“A Winter´s Tale/The Tow Path” in unlit offices in London awaiting display. It measures approx. 100 x 120cms. Photograph available on firstname.lastname@example.org
About the Author.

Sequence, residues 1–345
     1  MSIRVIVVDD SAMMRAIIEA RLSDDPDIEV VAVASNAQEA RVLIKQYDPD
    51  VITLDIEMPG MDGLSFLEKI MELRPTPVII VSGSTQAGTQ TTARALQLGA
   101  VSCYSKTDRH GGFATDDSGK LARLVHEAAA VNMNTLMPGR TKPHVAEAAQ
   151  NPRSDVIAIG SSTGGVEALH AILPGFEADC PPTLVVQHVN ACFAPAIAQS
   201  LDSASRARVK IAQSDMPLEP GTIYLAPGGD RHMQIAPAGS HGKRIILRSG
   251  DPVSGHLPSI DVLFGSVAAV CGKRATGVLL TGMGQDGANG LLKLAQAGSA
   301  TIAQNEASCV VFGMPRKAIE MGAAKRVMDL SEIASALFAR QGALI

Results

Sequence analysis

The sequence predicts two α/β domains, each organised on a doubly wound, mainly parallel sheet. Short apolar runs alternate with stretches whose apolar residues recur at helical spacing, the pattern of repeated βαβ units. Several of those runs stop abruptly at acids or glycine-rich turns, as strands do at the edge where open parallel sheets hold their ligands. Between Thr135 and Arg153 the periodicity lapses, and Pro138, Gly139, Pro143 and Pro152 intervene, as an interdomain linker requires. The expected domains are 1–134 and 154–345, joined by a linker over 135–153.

Michael Mifsud started his life in journalism at the tender age of 16 in the House of Commons lobbies. He went on to become a publisher (Britain´s first trade journal for drivers), a writer and successful innovative entrepreneur. He traveled extensively with the British Royal couple on tours as a member of the press team which always accompanies them. He is a keen social reformist and animal activist having rescued and brought up more than a score whilst trying to lead a busy life. He is a keen art researcher and collector and spotted many a hidden good buy at auction and dealers. He is a fellow of the International academic organization www.bwwsociety.org and contributes on major social issues to their journal which is well received by government libraries and international intelligence agencies for its record of open and impressive presentations which would otherwise not see the light of day. He was member of the high command of the modern order of Knights Templar (Versailles 1705) and a one time director of the British Monarchist League. He blames world leaders for not “even trying “ to feed and protect humanity whilst allowing its evil side to flourish with such depressive results.